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In new book, anthropology chair details why creativity is the key to human exceptionalism

Author: Josh Weinhold

Agustin FuentesAgustín Fuentes

There are four predominant arguments that seek to explain human evolution and human nature — humans are naturally aggressive; humans are naturally caring; humans are natural hunter-gatherers; humans are transcendentally intelligent.

Agustín Fuentes finds those to be compelling but extremely simplified. Years of research and an emphasis on cross-disciplinary conversations has instead led him to a more complete story of human evolution.

Creativity and collaboration, he’s found, are the most important explanations for why we are the way we are.

“Combining the one with the other, as no other species has ever been able to do so well, propelled the development of our bodies, minds, and cultures,” said Fuentes, professor and chair of the University of Notre Dame’s Department of Anthropology. “We are neither simply the demonic species nor the altruistic species. We are neither entirely untethered from our biological nature nor slavishly yoked to it.

“We are, first and foremost, the species singularly distinguished, and shaped, by creative collaboration.”

Fuentes details this bold perspective in his new book, The Creative Spark: How Imagination Made Humans Exceptional (Dutton, 2017), which blends paleontology, archaeology, genetics, and anthropology in answering the question of what has made humans the most exceptional of Earth’s species.

Creative SparkThe Creative Spark

The book is the product of Fuentes’ field research as an anthropologist and National Geographic explorer, but it is also the result of more than a decade of efforts to bring together specialists from a wide range of fields. By collaborating with mathematicians, geneticists, computer scientists, philosophers, and theologians, Fuentes said he recognized that a more nuanced, complete, and judicious accounting of human evolution was necessary.

Creativity and collaboration, he argues, helped us elude predators, make tools, share food, control fire, and tell stories. It led us to collectively care for the young, develop religious beliefs and ethical systems, and produce masterful artwork.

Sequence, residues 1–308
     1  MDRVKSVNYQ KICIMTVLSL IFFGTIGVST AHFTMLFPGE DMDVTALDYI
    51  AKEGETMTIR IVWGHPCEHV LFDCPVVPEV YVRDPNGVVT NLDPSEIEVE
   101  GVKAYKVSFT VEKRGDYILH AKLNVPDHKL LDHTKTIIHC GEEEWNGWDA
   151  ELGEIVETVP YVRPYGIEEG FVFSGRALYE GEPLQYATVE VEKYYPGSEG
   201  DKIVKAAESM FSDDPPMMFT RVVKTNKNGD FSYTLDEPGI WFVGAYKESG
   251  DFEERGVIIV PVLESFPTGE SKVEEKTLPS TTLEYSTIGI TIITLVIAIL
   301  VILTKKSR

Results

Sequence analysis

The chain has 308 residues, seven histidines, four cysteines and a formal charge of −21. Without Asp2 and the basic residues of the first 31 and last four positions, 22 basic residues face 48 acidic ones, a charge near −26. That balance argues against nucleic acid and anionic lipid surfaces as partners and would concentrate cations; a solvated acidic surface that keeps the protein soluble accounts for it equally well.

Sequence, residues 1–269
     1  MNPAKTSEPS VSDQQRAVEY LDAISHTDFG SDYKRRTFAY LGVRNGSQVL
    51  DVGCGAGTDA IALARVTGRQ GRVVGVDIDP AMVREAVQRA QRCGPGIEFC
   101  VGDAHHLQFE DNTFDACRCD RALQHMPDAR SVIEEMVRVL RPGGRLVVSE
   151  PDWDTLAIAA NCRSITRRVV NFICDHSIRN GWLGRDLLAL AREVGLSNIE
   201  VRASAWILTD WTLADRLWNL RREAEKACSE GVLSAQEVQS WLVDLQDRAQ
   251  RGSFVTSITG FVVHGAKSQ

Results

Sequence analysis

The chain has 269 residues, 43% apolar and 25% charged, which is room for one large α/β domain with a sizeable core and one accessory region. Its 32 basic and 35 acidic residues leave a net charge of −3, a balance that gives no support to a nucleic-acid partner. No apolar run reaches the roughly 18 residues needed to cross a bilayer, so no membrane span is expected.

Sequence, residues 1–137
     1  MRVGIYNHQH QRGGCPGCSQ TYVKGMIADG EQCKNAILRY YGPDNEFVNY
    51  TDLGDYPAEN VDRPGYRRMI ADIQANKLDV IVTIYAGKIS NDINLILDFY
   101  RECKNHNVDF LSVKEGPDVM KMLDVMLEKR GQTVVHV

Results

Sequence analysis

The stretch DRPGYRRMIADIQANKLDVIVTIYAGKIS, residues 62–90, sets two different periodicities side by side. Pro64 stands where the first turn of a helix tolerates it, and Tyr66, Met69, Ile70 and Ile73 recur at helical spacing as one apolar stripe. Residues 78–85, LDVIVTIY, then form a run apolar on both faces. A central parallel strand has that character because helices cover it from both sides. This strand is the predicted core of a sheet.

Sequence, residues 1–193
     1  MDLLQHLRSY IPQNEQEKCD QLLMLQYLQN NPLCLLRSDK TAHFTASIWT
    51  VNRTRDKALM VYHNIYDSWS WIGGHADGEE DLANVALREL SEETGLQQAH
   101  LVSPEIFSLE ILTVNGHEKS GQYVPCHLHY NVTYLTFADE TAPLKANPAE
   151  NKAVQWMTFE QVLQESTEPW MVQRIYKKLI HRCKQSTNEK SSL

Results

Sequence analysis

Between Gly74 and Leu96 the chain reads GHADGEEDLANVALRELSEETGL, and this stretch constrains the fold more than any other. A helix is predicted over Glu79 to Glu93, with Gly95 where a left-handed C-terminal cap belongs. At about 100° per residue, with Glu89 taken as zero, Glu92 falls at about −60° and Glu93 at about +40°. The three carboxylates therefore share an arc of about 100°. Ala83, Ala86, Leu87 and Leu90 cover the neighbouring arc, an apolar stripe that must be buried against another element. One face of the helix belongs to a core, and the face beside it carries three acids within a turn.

But humans also applied that same creativity and cooperative skill to compete with each other, killing at increasing levels of complexity, and manipulating the planet to devastating effects.

“Our lineage survived while all other human species went extinct because our ancestors used their creative capacity to reshape the threats and opportunities of their environments, in turn reshaping themselves,” he said. “They were subject to the same set of basic evolutionary rules as all living creatures, but they managed to bend them. Modern humans are simultaneously the result and cause of our own evolution, for better and for worse.”

Fuentes’ previous books include Evolution of Human Behavior (Oxford University Press, 2009), Biological Anthropology: Concepts and Connections (McGraw-Hill, 2011), and Race, Monogamy, and Other Lies The Told You: Busting Myths About Human Nature.

In February, he was named chair-elect of the anthropology section committee of the American Association for the Advancement of Science. At Notre Dame, where he has been on the faculty since 2002, he is a fellow of the Liu Institute for Asia and Asian Studies, Institute for Latino Studies, the Kroc Institute for Peace Studies, and the John J. Reilly Center for Science, Technology, and Values.

The Creative Spark has been met with widespread acclaim, including positive reviews in The Economist, Booklist, and Library Journal. Fuentes has also detailed his research for the book in New York magazine, in a National Geographic interview, and in an Ask Me Anything session on Reddit.

“(I was surprised to find) how resilient we are as individuals as a species,” Fuentes wrote in response to a Reddit question about his most unexpected finding in his research. “Humans have a real knack for figuring out how to make it work through the toughest times. This is the creativity that I write about and it’s the massive evidence for it that forced me to write this book.”

Originally published at anthropology.nd.edu.